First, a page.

Jonathan Drouin (Scott Audette/NHLI via Getty Images)
Jonathan Drouin said following the season that he wanted to stay in Tampa Bay and his agent said Drouin made that official by rescinding his trade request. The 21-year-old showed a glimpse of his talent in the playoffs, scoring five goals and 14 points in 17 games.
At the end of the Tampa Bay’s season, Jonathan Drouin said he wants to remain a member of the Lightning. But if that wasn’t enough to put an end to Drouin’s trade request saga, the 21-year-old winger made it official by rescinding his trade request.
ESPN’s Pierre LeBrun reported Thursday that Drouin’s agent, Allan Walsh, has told Lightning GM Steve Yzerman that Drouin doesn’t intend on playing elsewhere next season. And that’s a great thing for both Tampa Bay and Drouin, who was incredibly productive during the post-season and proved he was every bit the talent he was believed to be when the Lightning drafted him third overall in 2013.
"As Jo said at the end of the season, he wants to be back in Tampa next year,” Walsh said, via Lebrun. "It's a tight-knit group, and going forward, he's happy being part of it.”
Drouin’s 2015-16 campaign was a turbulent one.
It began well, with six points in his first five games, but what followed was Drouin watching his minutes dip as he failed to produce over the next five games and a subsequent lower-body injury. Out of the lineup for five games, Drouin returned to action and played four games in which he only eclipsed 14 minutes of ice time once before going back on the shelf for another six games. When he came back next, it was another four-game stint, again followed by nine games out of the lineup due to injury. He finally seemed healthy when he played in a Dec. 30 contest against the New York Rangers.
But even though he was healthy, Drouin was demoted to the AHL on Jan. 2. Days later, it became public that Drouin, growing frustrated with his role in Tampa Bay, had asked in November to be traded. Over the coming weeks, Drouin would play for the AHL’s Syracuse Crunch. However, with no resolution amidst rumors of an imminent trade, Drouin walked away from the AHL club and was indefinitely suspended.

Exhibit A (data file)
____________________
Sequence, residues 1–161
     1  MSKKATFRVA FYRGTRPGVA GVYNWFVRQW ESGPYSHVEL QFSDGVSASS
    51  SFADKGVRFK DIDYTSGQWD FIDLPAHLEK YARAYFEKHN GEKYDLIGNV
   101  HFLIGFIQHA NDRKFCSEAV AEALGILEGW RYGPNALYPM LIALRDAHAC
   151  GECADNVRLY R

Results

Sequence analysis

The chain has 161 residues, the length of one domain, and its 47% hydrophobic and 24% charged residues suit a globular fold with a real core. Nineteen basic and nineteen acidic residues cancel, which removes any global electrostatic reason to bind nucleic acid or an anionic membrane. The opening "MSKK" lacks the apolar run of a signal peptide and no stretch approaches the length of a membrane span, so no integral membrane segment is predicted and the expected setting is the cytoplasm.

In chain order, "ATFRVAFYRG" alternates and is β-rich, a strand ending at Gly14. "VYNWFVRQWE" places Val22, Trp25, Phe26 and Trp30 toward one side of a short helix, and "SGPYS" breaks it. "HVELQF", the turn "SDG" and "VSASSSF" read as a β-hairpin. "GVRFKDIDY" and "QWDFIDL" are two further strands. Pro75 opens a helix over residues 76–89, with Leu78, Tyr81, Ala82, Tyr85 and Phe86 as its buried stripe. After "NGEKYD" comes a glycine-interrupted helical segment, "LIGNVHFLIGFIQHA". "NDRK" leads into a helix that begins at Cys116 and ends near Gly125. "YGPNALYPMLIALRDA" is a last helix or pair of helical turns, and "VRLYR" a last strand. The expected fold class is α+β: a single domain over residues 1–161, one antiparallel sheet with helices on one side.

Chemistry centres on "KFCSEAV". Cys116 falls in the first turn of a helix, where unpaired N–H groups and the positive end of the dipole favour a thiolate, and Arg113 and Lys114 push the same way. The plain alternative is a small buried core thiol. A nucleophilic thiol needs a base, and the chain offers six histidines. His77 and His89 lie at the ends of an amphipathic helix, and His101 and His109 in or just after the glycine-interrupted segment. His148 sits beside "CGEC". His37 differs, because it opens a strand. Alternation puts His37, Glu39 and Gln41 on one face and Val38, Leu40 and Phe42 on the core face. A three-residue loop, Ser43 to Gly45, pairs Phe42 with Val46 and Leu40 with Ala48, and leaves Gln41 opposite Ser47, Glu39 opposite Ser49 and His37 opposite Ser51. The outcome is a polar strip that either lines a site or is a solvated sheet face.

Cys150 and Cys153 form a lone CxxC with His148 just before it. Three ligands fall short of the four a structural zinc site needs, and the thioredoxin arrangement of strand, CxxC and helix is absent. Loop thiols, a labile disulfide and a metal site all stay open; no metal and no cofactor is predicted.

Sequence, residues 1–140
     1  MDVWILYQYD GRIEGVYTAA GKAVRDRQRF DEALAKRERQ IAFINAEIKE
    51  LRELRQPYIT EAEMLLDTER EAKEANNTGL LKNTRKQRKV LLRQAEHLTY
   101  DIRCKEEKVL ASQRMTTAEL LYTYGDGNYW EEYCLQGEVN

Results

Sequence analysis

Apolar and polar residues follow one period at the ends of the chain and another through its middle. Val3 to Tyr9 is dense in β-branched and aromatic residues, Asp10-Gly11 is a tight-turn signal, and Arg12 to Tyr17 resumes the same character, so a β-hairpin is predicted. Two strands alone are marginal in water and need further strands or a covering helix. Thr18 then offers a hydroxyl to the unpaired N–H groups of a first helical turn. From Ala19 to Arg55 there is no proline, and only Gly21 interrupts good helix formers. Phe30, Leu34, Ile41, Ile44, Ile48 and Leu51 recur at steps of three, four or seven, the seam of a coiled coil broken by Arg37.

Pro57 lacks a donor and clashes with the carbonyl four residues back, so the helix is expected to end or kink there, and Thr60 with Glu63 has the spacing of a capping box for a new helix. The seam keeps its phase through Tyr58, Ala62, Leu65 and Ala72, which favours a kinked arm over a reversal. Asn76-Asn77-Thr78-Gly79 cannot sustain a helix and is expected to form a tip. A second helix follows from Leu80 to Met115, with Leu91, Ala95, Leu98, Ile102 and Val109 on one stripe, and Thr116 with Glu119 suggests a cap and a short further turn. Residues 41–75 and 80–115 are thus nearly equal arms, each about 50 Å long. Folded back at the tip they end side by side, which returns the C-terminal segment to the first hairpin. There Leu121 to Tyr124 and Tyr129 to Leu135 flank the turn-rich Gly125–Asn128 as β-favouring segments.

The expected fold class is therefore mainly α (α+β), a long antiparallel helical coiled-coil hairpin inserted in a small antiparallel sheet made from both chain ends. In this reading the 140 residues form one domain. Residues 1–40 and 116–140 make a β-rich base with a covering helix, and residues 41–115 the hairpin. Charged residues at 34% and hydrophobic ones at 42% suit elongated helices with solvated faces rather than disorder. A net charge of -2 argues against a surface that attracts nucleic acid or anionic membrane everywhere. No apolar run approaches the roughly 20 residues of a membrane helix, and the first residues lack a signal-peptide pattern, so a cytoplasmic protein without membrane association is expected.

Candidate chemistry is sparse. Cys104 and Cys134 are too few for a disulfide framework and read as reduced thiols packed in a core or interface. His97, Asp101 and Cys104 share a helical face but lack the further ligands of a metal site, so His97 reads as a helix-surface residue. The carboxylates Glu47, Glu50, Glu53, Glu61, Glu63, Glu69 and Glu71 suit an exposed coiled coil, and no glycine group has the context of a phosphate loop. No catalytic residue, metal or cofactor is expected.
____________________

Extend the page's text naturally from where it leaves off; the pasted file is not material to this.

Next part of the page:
Drouin would remain away until post-trade deadline, when he called Lightning GM Steve Yzerman and asked to return to the Crunch. Drouin did and racked up nine goals and 10 points in 10 games and found his way back to the NHL due in part to his play and in part because of a litany of injuries that had rocked Tampa Bay’s lineup as the playoffs approached.
There were questions about the youngster heading into the post-season, but he quickly quieted doubters. In his first game back in the NHL ahead of the post-season, Drouin scored. The next night, he repeated the feat. And in the playoffs, Drouin finished tied for third among Lightning players with five goals and 14 points in 17 games. He averaged more than 17 minutes per game, which was a full seven minutes more than he had averaged during the 2014-15 post-season.
Calling Drouin a “big get” for the Lightning wouldn’t quite be accurate — he has been their player since 2013 — but that he’s worked his way back into good graces with teammates, coaches and staff bodes well for his future. When drafted, he figured to be a major player for the Lightning for years to come. Yzerman made that clear by reportedly requiring a big return for Drouin. And his post-season performance was more than enough proof that, when relied upon, he can be an impact player.
So while the trade request saga for Drouin in Tampa Bay may be over, his story with the Lightning is far from complete. He’s got all the pieces to become a star, and if he continues to put them together, his one-time trade demand will be all but forgotten.